OTTAWA (Reuters) - A Canadian court ruled on Tuesday that the government breached its duty of care to thousands of aboriginal children that were removed from their communities over nearly two decades, paving the way for what could be a costly payout from Ottawa.
The class action suit, which was launched eight years ago, sought C$1.3 billion (£797 million) on behalf of about 16,000 Ontario aboriginal children who were removed from reserves and placed in non-aboriginal homes from 1965 to 1984 under a federal-provincial agreement.
Ontario Superior Court Justice Edward Belobaba ruled that the federal government breached its duty to take reasonable steps to prevent the children from losing their aboriginal identity.
The plaintiffs in the case argued that the children’s loss of aboriginal identity caused issues including mental disorders, substance abuse and suicide.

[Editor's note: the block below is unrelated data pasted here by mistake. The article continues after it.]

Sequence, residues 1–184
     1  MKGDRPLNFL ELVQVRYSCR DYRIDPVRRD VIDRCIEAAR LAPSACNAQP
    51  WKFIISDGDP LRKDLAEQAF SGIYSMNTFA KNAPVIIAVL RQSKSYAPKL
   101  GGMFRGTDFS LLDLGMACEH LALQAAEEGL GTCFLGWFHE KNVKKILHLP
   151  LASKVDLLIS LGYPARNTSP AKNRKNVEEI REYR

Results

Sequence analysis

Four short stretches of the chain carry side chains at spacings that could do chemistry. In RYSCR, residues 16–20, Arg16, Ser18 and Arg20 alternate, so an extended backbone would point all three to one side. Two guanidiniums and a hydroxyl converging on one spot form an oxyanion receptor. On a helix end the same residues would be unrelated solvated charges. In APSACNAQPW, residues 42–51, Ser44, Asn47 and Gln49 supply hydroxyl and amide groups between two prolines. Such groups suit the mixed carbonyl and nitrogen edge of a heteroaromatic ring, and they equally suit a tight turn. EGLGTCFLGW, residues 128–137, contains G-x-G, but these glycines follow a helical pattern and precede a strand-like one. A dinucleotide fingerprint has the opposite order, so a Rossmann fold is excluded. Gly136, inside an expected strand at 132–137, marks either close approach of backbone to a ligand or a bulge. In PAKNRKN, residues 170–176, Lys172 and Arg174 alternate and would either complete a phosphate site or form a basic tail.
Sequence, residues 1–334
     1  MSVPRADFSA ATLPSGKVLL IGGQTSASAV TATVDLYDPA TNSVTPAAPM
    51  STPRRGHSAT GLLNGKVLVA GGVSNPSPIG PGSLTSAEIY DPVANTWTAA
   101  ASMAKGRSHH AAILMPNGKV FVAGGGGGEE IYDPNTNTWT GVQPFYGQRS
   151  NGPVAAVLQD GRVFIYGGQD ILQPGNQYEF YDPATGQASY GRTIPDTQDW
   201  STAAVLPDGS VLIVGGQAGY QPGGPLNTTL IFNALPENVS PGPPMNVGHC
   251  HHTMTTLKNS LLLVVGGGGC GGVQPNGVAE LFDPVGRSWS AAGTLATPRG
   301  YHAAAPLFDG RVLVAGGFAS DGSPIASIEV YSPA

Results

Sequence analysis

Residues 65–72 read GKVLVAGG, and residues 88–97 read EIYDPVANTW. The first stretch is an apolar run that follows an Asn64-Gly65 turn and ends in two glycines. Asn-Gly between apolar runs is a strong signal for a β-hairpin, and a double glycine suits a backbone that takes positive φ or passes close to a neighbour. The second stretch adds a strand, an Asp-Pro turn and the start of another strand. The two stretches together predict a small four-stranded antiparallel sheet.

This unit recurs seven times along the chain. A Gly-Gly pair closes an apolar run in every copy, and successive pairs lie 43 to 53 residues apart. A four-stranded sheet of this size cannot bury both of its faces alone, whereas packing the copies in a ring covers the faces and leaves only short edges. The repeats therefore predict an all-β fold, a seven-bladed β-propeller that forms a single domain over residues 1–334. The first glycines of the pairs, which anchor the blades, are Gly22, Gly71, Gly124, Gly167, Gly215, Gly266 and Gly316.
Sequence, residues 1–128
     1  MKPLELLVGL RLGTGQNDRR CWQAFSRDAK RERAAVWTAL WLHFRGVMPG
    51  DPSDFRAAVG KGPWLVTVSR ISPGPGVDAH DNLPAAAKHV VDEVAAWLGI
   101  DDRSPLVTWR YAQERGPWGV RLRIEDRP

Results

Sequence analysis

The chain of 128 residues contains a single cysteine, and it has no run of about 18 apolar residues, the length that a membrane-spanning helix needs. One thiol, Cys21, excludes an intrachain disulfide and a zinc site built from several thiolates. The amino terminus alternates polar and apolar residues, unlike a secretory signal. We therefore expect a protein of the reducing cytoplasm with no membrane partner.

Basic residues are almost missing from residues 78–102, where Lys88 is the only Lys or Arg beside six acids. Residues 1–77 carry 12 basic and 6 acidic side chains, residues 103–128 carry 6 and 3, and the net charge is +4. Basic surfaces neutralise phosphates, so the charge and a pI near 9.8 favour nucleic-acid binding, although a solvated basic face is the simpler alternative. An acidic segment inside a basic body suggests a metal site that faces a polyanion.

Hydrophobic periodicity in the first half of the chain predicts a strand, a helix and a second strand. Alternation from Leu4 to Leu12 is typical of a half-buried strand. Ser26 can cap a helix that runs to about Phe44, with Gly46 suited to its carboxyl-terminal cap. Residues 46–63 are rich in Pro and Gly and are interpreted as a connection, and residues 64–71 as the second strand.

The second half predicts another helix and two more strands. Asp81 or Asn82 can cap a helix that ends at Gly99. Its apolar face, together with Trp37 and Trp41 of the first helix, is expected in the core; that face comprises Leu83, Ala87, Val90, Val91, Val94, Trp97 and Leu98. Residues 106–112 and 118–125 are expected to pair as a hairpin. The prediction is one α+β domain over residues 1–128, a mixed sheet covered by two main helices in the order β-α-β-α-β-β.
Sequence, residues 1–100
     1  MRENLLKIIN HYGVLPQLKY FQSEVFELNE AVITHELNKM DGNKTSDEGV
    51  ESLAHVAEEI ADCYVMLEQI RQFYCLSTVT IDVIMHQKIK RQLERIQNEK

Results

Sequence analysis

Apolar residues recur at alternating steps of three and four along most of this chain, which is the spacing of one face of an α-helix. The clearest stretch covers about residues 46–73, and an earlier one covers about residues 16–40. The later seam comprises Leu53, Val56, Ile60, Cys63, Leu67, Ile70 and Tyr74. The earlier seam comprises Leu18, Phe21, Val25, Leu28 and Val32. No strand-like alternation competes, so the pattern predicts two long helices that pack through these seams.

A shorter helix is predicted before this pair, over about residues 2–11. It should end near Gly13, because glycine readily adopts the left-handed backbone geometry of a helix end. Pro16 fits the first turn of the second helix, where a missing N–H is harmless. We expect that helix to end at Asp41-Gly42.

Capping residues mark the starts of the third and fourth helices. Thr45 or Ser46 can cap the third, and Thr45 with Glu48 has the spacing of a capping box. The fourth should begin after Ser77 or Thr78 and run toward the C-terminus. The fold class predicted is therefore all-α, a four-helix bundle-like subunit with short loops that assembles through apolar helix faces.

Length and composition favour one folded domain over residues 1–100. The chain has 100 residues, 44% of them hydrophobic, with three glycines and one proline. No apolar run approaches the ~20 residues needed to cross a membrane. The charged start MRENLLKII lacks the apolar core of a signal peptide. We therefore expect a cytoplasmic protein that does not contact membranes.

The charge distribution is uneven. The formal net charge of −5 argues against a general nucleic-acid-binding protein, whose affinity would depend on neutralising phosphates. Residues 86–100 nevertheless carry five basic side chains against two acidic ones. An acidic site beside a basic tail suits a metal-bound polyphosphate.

Minister of Indigenous Affairs Carolyn Bennett said the government would not appeal the decision and that the government wanted to sit down with survivors by the end of the month to discuss a settlement.
“This is a dark and painful chapter in Canada’s history,” Bennett told reporters. “It’s really important that we get to the table as quickly as possible. We hope that they will come.”
Prime Minister Justin Trudeau, elected over a year ago, made improving Canada’s relationship with its natives one of his key election promises.
Canada’s aboriginals, who make up about 4 percent of the country’s population, experience higher levels of poverty and incarceration and have a lower life expectancy than other Canadians, while they are more often victims of violent crime and addiction.
Perry Bellegarde, National Chief of the Assembly of First Nations, welcomed the court’s decision.
“Children have the right to speak their language and stay connected to their heritage,” he said in a statement. “Today’s decision is a step towards reconciliation.”
Reporting by Leah Schnurr; Editing by Bill Rigby